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Since the supreme court’s unanimous decision in Solari v. Malady (1970), New Jersey courts have held that an agreement governing an employee’s post-termination activities “will be given effect if it is reasonable under all the circumstances of his particular case,” i.e. if it “simply protects the legitimate interests of the employer, imposes no undue hardship on the employee and is not injurious to the public.”

We think that rule has worked out quite well, but the Legislature is now considering many changes favoring  greater employee mobility through A-1769, which has cleared the Assembly Labor Committee and a second reading,

Some of the bill’s provisions simply clarify existing standards or incrementally expand them. For example, it provides that “[t]he agreement shall not be broader than necessary to protect the legitimate business interests of the employer, including the employer’s trade secrets or other confidential information that would not otherwise qualify as a trade secret, including sales information, business strategies and plans, customer information, and price information.” An agreement “may be presumed necessary where the legitimate business interest cannot be adequately protected through an alternative agreement not to solicit or hire employees of the employer, an agreement not to solicit or transact business with the customer, clients, referral sources, or vendors of the employer, or a nondisclosure or confidentiality agreement.”

Other provisions would impose entirely new restrictions on agreements, such as  a mandatory 30-day period for employees to review a proposed agreement and consult with counsel, and a 12-month cap on restrictions. Choice-of-law provisions that would select the law of a state more favorable to employers are nullified if the employee is a New Jersey resident when the employment is terminated. An employer would have to notify the employee within 10 days of termination that it intends to enforce the non-compete contract. There would be a geographical limitation to areas in which the employee provided services or had a material presence or influence in the past two years. “Reasonable” restrictions would be limited to the specific types of services provided by the employee during the last two years. Blue penciling is out; any specific provision in conflict with the statute is “void and unenforceable.”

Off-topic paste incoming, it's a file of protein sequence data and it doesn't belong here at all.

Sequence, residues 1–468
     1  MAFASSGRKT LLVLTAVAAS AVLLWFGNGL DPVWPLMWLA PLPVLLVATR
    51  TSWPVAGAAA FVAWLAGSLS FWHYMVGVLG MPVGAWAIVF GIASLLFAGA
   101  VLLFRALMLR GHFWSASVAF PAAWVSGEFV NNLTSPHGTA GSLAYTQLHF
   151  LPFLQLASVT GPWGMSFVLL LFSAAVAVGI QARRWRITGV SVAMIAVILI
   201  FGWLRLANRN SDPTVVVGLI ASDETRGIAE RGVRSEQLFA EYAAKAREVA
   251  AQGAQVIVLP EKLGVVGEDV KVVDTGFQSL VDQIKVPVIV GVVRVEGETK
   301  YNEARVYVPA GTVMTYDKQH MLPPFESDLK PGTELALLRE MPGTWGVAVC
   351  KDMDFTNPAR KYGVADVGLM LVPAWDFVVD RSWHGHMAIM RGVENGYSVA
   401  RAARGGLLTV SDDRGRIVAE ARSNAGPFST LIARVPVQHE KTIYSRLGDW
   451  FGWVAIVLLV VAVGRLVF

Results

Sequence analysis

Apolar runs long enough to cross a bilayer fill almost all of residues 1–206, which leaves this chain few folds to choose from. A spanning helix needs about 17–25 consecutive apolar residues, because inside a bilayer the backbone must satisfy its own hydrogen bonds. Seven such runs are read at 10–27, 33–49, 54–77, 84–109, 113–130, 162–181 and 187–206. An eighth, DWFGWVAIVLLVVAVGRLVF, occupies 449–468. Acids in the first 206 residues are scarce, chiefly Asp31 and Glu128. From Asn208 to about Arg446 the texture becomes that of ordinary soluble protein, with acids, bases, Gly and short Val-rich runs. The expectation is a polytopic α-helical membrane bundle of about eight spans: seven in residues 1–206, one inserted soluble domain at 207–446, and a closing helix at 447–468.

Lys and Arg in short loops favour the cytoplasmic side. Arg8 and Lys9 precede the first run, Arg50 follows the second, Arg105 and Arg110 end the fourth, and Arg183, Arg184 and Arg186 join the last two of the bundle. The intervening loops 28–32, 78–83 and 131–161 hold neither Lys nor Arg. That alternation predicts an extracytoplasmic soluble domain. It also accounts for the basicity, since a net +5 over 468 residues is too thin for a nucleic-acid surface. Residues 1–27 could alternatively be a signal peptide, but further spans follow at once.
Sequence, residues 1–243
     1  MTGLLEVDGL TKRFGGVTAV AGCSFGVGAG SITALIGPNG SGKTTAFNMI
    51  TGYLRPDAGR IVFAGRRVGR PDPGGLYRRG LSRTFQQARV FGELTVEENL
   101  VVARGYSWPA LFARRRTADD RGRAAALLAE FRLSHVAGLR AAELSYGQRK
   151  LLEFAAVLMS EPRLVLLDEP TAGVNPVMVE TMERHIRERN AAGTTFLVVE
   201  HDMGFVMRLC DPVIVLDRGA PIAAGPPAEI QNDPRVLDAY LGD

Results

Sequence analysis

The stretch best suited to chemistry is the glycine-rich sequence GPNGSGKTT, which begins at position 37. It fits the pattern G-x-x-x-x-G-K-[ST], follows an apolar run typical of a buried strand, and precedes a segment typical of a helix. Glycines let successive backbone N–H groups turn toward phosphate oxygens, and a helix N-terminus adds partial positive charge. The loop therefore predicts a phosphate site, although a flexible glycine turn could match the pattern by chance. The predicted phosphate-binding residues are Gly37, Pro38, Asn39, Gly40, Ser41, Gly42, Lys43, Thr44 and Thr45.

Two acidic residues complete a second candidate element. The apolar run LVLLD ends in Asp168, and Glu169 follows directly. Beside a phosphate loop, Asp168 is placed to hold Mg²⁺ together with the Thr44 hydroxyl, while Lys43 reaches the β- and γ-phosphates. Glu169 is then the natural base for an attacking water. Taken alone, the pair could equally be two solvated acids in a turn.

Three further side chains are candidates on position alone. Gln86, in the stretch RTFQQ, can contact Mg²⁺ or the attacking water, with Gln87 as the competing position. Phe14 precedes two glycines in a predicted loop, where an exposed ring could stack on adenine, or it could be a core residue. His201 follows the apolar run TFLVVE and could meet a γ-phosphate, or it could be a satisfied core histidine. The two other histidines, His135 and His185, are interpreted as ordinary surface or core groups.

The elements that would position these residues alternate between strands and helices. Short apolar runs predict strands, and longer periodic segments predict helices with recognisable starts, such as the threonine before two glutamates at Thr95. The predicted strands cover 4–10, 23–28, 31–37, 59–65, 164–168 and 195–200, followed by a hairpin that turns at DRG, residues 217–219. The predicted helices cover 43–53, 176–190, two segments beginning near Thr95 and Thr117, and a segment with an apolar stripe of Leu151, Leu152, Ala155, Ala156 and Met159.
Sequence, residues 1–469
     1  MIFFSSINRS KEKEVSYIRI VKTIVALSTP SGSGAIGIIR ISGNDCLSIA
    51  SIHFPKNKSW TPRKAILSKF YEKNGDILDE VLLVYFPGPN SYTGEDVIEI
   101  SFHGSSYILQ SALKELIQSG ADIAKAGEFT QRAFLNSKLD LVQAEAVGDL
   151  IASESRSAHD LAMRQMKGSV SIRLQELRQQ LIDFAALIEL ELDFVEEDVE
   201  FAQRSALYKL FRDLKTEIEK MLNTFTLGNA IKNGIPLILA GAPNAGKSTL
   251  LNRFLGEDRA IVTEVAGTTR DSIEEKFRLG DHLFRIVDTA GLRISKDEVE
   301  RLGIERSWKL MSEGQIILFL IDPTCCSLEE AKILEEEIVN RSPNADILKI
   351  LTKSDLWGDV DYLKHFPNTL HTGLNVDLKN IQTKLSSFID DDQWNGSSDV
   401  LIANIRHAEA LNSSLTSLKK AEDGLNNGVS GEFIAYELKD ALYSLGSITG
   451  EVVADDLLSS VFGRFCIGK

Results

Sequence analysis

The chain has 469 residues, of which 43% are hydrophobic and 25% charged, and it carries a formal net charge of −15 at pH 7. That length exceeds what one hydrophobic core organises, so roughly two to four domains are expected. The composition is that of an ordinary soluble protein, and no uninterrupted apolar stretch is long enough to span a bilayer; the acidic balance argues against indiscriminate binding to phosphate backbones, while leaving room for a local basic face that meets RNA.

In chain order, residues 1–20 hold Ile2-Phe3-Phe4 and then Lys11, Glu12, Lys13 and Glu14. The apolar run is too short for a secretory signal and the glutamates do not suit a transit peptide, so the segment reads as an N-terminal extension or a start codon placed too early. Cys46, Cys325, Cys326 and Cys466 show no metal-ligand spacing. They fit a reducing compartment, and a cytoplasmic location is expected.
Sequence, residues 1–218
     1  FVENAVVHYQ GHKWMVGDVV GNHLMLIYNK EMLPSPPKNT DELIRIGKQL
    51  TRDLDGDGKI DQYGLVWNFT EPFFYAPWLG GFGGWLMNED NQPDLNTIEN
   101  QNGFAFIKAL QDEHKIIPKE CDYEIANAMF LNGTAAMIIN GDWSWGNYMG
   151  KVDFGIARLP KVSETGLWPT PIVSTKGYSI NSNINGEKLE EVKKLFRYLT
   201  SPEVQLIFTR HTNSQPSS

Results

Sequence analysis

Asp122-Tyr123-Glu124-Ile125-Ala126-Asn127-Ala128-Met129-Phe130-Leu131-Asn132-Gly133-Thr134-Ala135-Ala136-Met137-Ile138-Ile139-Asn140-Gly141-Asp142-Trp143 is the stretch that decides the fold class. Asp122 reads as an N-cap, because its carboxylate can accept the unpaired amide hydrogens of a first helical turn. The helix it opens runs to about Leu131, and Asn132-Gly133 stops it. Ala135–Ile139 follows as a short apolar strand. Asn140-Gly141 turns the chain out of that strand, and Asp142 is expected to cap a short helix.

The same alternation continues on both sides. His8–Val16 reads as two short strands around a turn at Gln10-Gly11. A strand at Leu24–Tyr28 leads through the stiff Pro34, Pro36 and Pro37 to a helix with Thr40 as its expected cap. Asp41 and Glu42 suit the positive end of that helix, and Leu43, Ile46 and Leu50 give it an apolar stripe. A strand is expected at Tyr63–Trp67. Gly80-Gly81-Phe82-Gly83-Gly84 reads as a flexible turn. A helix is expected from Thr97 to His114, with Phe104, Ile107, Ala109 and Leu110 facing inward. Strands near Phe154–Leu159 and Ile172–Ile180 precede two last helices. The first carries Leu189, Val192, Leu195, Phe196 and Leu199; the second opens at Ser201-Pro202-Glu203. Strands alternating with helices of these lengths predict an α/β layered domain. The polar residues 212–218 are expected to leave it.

One especially troublesome provision of the bill is its requirement for “garden leave.” It would require that employers provide full pay and benefits during the period of post-employment restrictions. We see no reason why an employee should be compensated for abiding by restrictions permitted by the statute to which the employee agreed and which are fair and reasonable.

This is an extremely important statute, revamping, modifying and to some extent nullifying judicial precedent. As far as we can determine, it has received little publicity and no testimony pro or con, during committee hearings. Before passage, our legislators should stop, look and listen.